Dangers are showing of double dip recession
The Treasury Select Committee of MPs said that the Budget had caused “a slight increase” in the chance of the UK economy contracting again over the next year or so.
However, in the longer term, the Coalition’s plans to reduce the Government deficit will make it more likely the economy will grow strongly, the committee said.
The committee’s conclusions came in a report on the Budget, which set out plans to cut nearly £100 billion from public spending and raise taxes including VAT from next year.
George Osborne, the Chancellor, has said that the painful measures are necessary to reduce the Government deficit and reassure international markets about Britain’s ability to repay its debts.
The MPs pointed out that some economists worry that by cutting Government spending so sharply, the Coalition risks withdrawing the economic stimulus too early.
“There is concern that such a consolidation may come too early and cut too deeply, and as such cause the economic recovery to falter, leading to a ‘double dip’ recession.”
The Treasury’s independent forecaster, the Office for Budget Responsibility, reduced its outlook for economic growth following the Budget, predicting the economy will expand by 1.2 per cent this year and 2.3 per cent in 2011.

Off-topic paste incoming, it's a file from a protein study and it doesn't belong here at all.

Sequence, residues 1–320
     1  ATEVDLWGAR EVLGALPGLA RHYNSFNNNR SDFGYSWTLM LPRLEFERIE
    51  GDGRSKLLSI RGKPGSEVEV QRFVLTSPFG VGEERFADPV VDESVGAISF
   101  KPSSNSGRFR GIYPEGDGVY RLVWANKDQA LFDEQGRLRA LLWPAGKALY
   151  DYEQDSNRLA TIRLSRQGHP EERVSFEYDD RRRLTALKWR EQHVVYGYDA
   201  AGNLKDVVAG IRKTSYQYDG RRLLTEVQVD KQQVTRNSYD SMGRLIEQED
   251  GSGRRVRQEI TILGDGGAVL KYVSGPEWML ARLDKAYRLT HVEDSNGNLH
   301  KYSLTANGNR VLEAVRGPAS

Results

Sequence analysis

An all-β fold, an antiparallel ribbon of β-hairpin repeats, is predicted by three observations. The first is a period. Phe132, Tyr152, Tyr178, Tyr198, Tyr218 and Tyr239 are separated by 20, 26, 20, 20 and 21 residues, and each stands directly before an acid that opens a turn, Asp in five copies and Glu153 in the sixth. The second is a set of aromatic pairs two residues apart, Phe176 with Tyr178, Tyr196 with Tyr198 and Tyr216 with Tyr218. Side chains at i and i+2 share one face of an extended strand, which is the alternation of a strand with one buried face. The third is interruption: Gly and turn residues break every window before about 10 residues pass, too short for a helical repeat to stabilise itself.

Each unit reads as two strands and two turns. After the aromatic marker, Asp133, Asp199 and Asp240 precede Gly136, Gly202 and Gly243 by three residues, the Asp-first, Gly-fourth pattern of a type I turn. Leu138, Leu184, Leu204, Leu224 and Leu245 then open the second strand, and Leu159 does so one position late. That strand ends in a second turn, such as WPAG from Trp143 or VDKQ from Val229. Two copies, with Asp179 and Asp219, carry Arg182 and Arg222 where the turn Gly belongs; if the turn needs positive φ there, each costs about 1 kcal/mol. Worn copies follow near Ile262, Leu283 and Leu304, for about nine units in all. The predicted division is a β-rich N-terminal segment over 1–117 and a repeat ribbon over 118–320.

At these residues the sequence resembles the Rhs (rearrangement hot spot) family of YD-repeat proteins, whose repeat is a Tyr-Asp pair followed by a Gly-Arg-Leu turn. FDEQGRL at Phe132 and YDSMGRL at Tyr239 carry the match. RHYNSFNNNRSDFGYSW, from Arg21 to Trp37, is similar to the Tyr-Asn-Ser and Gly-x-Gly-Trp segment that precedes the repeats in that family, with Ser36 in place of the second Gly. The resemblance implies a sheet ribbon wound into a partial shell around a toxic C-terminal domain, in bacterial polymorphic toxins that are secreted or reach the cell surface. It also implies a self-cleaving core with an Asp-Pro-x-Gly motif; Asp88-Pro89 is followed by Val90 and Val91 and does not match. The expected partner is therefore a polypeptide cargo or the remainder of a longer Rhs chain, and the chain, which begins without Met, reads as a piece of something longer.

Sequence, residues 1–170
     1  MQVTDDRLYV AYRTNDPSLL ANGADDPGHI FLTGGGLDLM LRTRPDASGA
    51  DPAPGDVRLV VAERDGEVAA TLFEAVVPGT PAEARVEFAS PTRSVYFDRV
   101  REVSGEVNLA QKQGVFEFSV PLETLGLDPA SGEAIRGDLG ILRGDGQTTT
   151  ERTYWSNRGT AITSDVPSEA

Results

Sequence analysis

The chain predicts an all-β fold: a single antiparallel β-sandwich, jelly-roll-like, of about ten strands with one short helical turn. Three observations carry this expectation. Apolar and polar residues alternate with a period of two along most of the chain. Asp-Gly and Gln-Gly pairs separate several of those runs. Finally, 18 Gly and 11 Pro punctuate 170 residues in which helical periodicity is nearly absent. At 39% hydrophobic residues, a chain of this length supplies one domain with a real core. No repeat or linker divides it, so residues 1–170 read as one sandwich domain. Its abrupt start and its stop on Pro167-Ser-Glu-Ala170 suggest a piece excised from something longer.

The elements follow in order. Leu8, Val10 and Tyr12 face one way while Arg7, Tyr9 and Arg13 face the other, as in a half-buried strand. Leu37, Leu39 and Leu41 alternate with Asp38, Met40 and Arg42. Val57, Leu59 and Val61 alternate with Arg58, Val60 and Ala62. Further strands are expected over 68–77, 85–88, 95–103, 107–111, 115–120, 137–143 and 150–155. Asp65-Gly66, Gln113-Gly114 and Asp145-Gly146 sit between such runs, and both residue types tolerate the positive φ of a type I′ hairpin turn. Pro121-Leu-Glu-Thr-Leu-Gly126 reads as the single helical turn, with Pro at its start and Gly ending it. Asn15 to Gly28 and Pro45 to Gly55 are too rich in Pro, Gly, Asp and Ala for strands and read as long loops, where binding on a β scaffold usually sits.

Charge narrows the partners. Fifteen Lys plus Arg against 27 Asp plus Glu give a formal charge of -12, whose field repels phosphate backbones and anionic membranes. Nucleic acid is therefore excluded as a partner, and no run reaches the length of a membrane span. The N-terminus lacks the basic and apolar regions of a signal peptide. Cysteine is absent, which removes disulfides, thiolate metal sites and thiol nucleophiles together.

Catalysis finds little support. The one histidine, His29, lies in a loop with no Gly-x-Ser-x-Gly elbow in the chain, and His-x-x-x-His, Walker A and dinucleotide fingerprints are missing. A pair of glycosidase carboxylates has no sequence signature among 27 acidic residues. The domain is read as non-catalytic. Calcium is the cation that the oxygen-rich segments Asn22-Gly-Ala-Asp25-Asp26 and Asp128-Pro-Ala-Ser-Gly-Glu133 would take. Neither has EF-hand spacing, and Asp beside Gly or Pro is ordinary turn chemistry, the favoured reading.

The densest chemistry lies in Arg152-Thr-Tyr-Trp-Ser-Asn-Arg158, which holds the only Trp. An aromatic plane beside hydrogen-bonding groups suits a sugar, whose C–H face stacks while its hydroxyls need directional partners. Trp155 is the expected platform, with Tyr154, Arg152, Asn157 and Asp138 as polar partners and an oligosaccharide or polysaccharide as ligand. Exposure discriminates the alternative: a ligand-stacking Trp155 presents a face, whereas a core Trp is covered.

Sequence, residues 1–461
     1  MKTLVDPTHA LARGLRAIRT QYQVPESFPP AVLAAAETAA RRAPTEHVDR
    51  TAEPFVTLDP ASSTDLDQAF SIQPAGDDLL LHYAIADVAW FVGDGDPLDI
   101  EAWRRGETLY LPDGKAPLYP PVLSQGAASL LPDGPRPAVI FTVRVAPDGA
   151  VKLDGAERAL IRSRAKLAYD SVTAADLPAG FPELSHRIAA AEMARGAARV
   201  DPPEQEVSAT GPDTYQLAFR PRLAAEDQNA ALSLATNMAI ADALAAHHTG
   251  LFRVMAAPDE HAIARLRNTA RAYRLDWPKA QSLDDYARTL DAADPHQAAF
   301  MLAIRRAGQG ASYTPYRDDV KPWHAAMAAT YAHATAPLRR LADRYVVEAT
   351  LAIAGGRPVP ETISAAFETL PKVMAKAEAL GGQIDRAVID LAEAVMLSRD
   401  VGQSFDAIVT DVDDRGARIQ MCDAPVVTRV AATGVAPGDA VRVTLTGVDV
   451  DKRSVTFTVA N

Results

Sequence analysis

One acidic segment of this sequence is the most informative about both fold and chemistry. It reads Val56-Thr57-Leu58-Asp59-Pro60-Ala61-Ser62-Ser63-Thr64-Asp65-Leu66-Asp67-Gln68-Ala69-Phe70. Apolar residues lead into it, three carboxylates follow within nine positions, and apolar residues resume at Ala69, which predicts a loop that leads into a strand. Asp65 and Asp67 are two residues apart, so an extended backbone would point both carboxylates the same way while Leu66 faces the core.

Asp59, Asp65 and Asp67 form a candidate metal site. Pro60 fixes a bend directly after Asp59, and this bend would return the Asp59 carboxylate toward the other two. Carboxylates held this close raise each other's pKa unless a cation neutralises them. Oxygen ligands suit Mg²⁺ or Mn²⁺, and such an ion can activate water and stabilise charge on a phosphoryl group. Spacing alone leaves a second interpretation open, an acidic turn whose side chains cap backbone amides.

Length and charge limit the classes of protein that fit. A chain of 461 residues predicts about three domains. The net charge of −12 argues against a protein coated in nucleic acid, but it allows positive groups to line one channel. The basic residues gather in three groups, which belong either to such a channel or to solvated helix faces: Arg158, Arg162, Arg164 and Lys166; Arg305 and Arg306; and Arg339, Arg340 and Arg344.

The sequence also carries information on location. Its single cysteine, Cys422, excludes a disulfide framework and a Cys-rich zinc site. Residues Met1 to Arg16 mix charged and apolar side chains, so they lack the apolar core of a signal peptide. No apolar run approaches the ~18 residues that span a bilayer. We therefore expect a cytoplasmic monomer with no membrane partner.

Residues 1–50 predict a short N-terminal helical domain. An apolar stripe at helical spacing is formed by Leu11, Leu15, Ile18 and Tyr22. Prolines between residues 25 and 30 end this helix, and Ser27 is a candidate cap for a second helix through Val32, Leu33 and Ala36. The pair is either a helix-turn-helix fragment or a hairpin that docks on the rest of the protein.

Before the Budget, the OBR had forecast growth of 1.3 per cent and 2.6 per cent.
The committee, which has a Conservative majority, suggested that the outlook may be bleaker and the economy could actually shrink again. Two quarters of negative growth would constitute a return to full-blown recession.
“It appears that there has been a slight increase in the chance of near-term negative growth and an increased likelihood of positive growth in the outer years,” the MPs found.
In the event that the economic recovery falters, the committee said it expected the Chancellor to postpone his deficit-cutting plans and pour more money into the economy, even if that requires more borrowing.
“The global economic situation is fluid and fragile, and it is possible that the Chancellor may need to alter his current plans to compensate for external events,” the MPs said.
In evidence to the committee, Mr Osborne said that he had built “a degree of caution” into his plans by aiming to balance the budget a year earlier than he believed was strictly necessary.
“We welcome this as a signal that if economic conditions demand it he may be prepared to take measures to stimulate the economy, even if these delay the current plans for cutting the deficit,” the MPs said.
Labour and some Liberal Democrat MPs have criticised the Budget, arguing that its measures will mainly affect poorer people.
Mr Osborne has insisted his measures are “progressive” and will put the greatest burden on wealthier people.
But the MPs said they were “concerned” that when the effects of the Budget are measured as a share of net income “the poorest fare slightly less well than middle-income group”.